Age of the patient
<50 years
Myocardial infarction
No
Congestive heart failure
No
Peripheral vascular disease
No
Cerebrovascular disease
No
Dementia
No
Chronic pulmonary disease
No
Rheumatologic disease
No
Peptic ulcer disease
No
Liver disease
No
Diabetes
No
Hemiplegia or paraplegia
No
Renal disease
No
Malignancy
No
Leukemia
No
Lymphoma
No
AIDS
No
Results
CCI score
points
Estimated 10-year survival
%

The Charlson Comorbidity Index calculator estimates survival in patients with multiple comorbidities. It consists of 17 items, which are related to various health conditions that are associated with mortality. The Charlson index can predict short- and long-term outcomes, including function, length of hospitalization, and mortality rates. Check the article below to find out how to calculate the Charlson Comorbidity Index score.

We try our best to make our Omni Calculators as precise and reliable as possible. However, this tool can never replace professional medical advice.

What is Charlson Index?

The Charlson Comorbidity Index was developed in 1987 by Charlson and colleagues as a way to classify comorbid conditions which may influence mortality risk. This tool was originally supposed to be used in longitudinal studies. The initial Charlson Index was created using 19 categories but has been modified since to contain 17 or 12 items. Nowadays, the CCI is one of the most widely used scoring systems for comorbidities used in research and clinical settings.

How to calculate Charlson Comorbidity Index

The Charlson Comorbidity Index calculator consists of 17 items. Each item can be scored from 0 to 6 points and each has a different weight (which is based on the strength of the item's association with 1-year mortality, as presented in the paper by Charles et al.). This is why some variables can score only 1 point at most (e.g. history of myocardial infraction), while others can score as many as 6 points (e.g. metastatic tumor).

The table below shows how many points each item scores.

Comorbidity
Score
Myocardial infarction
+ 1
Congestive heart failure
+ 1
Peripheral vascular disease
+ 1
Cerebrovascular disease
+ 1
Dementia
+ 1
Chronic pulmonary disease
+ 1
Rheumatologic disease
+ 1
Peptic ulcer disease
+ 1
Liver disease
+ 1 if mild, + 3 if moderate/severe
Diabetes
+ 1 if controlled, + 2 if uncontrolled
Hemiplegia or paraplegia
+ 2
Renal disease
+ 2
Malignancy
+ 2 if localized, + 6 if metastatic tumor
Leukemia
+ 2
Lymphoma
+ 2
AIDS
+ 6

Additional information:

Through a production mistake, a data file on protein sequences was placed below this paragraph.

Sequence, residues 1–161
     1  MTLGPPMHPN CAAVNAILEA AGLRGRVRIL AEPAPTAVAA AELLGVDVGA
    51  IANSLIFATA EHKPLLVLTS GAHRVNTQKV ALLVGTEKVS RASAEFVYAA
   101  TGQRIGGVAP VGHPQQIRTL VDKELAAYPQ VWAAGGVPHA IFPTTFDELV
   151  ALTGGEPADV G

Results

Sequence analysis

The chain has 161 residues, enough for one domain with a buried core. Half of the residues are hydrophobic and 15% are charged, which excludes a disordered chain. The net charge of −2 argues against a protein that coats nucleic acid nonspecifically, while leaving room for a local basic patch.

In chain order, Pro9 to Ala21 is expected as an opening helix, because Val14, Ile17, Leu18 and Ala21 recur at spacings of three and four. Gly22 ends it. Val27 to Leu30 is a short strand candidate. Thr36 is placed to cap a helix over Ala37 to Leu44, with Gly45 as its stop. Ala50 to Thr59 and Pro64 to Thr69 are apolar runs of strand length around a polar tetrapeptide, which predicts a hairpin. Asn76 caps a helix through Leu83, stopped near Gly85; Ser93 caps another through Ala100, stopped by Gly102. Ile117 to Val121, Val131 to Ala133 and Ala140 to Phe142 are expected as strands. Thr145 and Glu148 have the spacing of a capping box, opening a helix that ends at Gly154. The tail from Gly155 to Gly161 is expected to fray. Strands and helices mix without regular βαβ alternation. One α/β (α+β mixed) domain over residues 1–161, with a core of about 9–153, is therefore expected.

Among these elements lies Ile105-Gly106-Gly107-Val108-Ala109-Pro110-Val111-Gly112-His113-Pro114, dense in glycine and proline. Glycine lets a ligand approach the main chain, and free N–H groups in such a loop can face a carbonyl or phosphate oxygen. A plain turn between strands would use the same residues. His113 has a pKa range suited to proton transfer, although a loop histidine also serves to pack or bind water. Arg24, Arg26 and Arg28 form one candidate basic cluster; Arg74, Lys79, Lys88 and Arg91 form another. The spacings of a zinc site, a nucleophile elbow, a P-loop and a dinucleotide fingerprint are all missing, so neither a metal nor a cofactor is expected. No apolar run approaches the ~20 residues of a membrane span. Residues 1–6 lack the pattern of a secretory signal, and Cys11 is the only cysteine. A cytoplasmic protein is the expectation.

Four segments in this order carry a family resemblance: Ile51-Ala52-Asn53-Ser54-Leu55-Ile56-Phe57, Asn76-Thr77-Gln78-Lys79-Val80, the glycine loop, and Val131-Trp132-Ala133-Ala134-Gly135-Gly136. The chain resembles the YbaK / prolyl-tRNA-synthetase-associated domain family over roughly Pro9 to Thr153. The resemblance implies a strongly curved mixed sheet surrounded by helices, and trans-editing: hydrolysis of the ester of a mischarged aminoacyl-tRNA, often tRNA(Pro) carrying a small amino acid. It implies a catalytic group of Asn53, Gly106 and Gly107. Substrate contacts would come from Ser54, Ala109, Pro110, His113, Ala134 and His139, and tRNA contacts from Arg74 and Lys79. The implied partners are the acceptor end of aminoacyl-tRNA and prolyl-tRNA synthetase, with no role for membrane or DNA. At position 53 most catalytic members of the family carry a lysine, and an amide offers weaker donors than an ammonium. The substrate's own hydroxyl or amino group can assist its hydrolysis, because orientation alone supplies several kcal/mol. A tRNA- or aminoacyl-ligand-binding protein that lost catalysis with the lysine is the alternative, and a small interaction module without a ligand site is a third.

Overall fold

• If the comorbidity is not present, patients score 0 points for that comorbidity.
  • Patients who are 50 years old or more should get additional points as follows:
    • 50-59 years old - additional 1 point;
    • 60-69 years old - additional 2 points;
    • 70-79 years old - additional 3 points; and
    • 80 years old or more - additional 4 points.

Charlson Comorbidity Index score

The maximum Charlson Comorbidity Index score (adjusted for age) is 37 points. After scoring each comorbidity, the patient's 10-year survival rate can be calculated. It is estimated using a theoretical low-risk population, whose 10-year survival is 98.3%. The formula is:

10-y survival = 0.983^(eCCI*0.9)

where:

  • e - Euler's number, the mathematical constant that is equal to approx. 2.71828; and

  • CCI - the Charlson Comorbidity Index score adjusted for age.

Charlson Comorbidity Index calculator - a practical example

Let's use a practical example to show you how to calculate Charlson Comorbidity Index.

  1. Characteristics of our exemplary patient:
  • Age: 57 years old;
  • Comorbidities: diabetes controlled with medication, myocardial infraction (heart attack) 5 years ago; and
  • Patient does not report any other health conditions.
  1. Charlson Comorbidity Index score of our patient equals 3:
  • +1 point for the age between 50 and 59;
  • +1 point for controlled diabetes; and
  • +1 point for the history of myocardial infraction.
  1. Finally, we can calculate 10-year survival for this patient as follows:

    10-y survival = 0.983^(eCCI*0.9)

    10-y survival = 0.983^(2.718283*0.9)

    10-y survival = 0.983^(2.718282.7)

    10-y survival = 0.98314.88

    10-y survival = 0.7748 = 77.48%

Joanna Michałowska, PhD candidate